[Page 83]

This defendant, as Foreign Minister, was concerned with the setting up of the Sudeten Germany under Henlein, and the contacts between the Foreign Office and Henlein are shown in Exhibits USA 93, 94, 95 and 96. These are Documents 3060-PS, 2789-PS, 2788-PS and 3059-PS. They have all been read by my friend, Mr. Alderman, but I simply mention to the Tribunal their purpose: to stir up the Sudeten-German movement in order to act with the Government of the Reich.

Then, after that, the defendant Ribbentrop was present on the 28th May, 1938, at the Hitler conference, at which the latter gave the necessary instructions to prepare the attack on Czechoslovakia. That was dealt with previously (Page 6, Part 2). And I want to put before the Tribunal Document 2360- PS as Exhibit GB 134, which is a report of a speech of Hitler's in the "Volkischer Beobachter"; and, if the Tribunal would be good enough to look at it, it is a useful date to fix with regard to the aggression against Czechoslovakia, because that was the day on which Hitler, on his own proclamation, had decided that aggression was to take place against that country.

The extract which I have taken is quite short and, if the Tribunal would look at it, the important passage is:

"On the basis of this unbearable provocation, which was still further emphasised by a truly infamous persecution and terrorising of our Germans there, I have now decided to solve the Sudeten-German question in a final and radical manner."
That was in January, 1939. Then he goes on to say:
"On 28th May I gave the order for the preparation of military steps against this State, to be concluded by 2nd October."
The important point is that the 28th of May was the date when the "Fall Grun" for Czechoslovakia was the subject of orders, and it was thereafter put into effect to come to fruition at the beginning of October. That is the second stage: "To lay well in advance your plans of aggression. The third stage is to see that the neighbouring States are not likely to cause you trouble."

So we find that on the 18th July, 1938, this defendant had a conversation with the Italian Ambassador Attolico, at which the attack on Czechoslovakia was discussed. That is Exhibit USA 85, Document 2800-PS. And there were further discussions which are contained in Exhibit USA 86 and 87, which are Documents 2791-PS and 2792-PS.

I think it is sufficient for me to say to the Tribunal that the effect of these documents is that it was made clear to the Italian Government that the German Government was going to move against Czechoslovakia.

The other country which was interested was Hungary, because Hungary had certain territorial ideas with regard to parts of the Czechoslovakian Republic.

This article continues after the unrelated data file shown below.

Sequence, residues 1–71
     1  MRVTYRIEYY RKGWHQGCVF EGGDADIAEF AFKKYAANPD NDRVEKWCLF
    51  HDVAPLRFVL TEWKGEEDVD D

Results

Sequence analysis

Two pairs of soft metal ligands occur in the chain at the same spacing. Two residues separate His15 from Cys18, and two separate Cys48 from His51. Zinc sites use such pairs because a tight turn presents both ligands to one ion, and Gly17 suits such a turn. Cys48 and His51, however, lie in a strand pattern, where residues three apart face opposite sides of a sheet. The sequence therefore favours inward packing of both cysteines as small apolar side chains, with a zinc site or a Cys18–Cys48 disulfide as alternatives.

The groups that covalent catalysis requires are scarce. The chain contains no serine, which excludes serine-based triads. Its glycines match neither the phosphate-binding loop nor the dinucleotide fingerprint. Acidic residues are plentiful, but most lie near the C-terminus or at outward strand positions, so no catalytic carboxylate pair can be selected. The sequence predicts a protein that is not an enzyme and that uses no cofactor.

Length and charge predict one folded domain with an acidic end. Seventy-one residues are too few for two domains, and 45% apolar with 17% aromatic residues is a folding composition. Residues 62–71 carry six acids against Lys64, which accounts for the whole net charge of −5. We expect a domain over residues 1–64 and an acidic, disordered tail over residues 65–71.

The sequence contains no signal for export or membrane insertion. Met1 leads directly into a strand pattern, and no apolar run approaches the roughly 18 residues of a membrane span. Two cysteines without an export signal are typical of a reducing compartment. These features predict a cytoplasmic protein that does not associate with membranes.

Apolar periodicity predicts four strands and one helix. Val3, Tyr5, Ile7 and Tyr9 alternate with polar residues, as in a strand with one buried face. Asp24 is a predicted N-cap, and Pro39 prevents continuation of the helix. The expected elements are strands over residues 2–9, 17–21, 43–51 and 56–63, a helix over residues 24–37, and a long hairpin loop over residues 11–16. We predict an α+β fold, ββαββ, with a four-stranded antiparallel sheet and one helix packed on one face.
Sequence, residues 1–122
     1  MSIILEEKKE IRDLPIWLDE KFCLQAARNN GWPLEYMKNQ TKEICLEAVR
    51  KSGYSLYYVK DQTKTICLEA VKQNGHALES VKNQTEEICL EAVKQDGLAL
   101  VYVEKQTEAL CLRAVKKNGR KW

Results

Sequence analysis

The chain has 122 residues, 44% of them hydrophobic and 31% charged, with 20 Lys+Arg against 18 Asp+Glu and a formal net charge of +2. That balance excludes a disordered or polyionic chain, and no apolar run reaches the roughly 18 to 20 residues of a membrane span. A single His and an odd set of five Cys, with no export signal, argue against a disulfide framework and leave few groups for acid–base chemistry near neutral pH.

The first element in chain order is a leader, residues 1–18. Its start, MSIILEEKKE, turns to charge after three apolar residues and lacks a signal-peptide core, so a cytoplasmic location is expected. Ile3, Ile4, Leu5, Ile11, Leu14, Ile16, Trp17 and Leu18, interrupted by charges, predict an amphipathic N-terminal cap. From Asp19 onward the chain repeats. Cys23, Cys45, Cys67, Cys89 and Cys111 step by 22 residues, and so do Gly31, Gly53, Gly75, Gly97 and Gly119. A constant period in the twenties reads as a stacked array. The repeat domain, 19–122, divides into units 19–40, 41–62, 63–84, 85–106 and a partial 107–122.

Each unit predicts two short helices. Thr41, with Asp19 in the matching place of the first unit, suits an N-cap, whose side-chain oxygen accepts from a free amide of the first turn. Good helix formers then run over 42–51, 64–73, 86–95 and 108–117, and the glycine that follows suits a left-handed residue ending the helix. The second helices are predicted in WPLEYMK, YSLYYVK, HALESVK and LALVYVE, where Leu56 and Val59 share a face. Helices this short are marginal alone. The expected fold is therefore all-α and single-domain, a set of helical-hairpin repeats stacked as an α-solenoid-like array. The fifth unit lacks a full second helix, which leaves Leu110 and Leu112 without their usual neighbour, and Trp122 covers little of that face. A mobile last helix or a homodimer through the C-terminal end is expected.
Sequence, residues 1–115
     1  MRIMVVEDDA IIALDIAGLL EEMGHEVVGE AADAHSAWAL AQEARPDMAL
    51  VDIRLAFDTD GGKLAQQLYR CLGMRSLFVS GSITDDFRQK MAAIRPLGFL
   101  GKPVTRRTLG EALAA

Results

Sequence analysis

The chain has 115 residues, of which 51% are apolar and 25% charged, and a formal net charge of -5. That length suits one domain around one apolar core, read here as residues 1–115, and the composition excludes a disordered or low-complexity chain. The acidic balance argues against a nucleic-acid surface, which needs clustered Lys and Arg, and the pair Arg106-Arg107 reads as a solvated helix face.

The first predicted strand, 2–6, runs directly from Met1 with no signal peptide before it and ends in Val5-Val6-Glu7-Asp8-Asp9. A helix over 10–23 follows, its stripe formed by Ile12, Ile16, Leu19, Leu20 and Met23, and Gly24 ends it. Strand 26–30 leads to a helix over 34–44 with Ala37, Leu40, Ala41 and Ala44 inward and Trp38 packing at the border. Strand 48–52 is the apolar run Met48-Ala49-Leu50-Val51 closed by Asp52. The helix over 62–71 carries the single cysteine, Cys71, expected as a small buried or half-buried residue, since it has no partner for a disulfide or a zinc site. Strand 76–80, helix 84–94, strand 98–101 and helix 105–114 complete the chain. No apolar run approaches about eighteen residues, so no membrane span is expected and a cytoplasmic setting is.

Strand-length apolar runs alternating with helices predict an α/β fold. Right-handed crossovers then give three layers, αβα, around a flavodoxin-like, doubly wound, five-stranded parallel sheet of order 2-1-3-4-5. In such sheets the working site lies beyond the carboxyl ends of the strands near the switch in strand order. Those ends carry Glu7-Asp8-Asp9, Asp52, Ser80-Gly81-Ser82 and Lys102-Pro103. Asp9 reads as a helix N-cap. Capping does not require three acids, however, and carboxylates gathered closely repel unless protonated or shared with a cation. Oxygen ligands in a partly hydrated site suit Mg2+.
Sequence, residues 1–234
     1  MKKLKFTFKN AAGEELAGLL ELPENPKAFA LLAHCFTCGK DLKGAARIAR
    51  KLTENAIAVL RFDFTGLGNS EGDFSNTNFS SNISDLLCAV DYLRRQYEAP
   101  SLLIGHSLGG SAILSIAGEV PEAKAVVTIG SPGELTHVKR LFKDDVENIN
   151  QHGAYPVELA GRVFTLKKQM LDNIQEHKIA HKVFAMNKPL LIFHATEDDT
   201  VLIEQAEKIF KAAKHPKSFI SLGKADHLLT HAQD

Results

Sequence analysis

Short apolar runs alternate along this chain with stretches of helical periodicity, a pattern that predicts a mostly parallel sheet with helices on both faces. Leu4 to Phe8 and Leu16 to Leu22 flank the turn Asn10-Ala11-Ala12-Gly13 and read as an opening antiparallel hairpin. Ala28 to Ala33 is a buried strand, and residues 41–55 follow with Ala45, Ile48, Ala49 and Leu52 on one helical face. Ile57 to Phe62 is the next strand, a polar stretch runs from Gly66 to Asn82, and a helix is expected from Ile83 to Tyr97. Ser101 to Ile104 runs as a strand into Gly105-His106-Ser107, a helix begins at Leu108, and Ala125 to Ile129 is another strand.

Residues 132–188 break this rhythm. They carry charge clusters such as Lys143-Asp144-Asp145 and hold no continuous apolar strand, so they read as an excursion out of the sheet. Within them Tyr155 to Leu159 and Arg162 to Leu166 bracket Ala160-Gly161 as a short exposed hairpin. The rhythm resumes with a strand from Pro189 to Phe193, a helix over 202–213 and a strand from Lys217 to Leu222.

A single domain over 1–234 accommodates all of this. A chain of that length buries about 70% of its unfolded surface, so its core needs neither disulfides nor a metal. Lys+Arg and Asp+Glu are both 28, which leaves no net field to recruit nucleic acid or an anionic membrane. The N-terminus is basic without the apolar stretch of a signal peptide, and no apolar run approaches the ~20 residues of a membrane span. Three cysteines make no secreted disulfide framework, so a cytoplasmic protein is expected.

So, on the 23rd and 25th of August, this defendant was present at the discussions and had discussions himself with the Hungarian politicians Imredy and Kania, and these are found in Exhibits USA 88 and 89, Documents 2796-PS and 2797- PS.

This defendant attempted to get assurances of Hungarian help, and the Hungarian Government at the time was not too ready to commit itself to action, although it was ready enough with sympathy. These are to be found in the documents which I have mentioned. And, again, unless the Tribunal desires, I shall not read any document that I summarised that way.

Now I have already mentioned that there had been contact with the Sudeten-Germans. That was the long-term grievance that had to be exploited. But the next stage was to have a short-term grievance and to stir up trouble, preferably at the fountain-head. And so, between the 16th and 24th September, we find the German Foreign Office, of which this defendant was the head, stirring

[Page 84]

up trouble in Prague, and that is shown very clearly in Exhibits USA 97 to 101, which are Documents 2858-PS, 2855- PS, 2854-PS, 2853-PS and 2856-PS. I have read them in order of date. It would be interesting for the Tribunal to look at these. They ought to follow quite shortly the document thay [sic] have just been looking at, beginning with 2858. Here you have the document of the 19th September coming from the Foreign Office to the German Embassy in Prague:
"Please inform Deputy Kundt at Conrad Henlein's request to get in touch with the Slovaks at once and induce them to start demands."
The others deal with questions of arrest and the action that would be taken against any Czechs in Germany in order to make the position more difficult.

That was the contribution which this defendant made to the pre-Munich crisis. After, as the Tribunal will remember, on the 29th September, 1938, the Munich agreement was signed. That is Exhibit GB 23, Document TC-23, which I have already read to the Tribunal.

And, after that - I just remind the Tribunal of an interesting document which shows the sort of action which the Wehrmacht expected and the advice that the Wehrmacht expected from the Foreign Office.

You have, on the 1st of October, Document C-2, which is Exhibit USA 90 and that is a long document putting forward an almost infinite variety of breaches of International Law, which were likely to arise or might have arisen from the action in regard to Czechoslovakia; and on all these points the opinion of the Foreign Office is sought. That, of course, remained a hypothetical question at that time because no war resulted.

THE PRESIDENT: Can you give us the number of that document?

SIR DAVID MAXWELL FYFE: Yes, C-2, My Lord, Exhibit USA 90.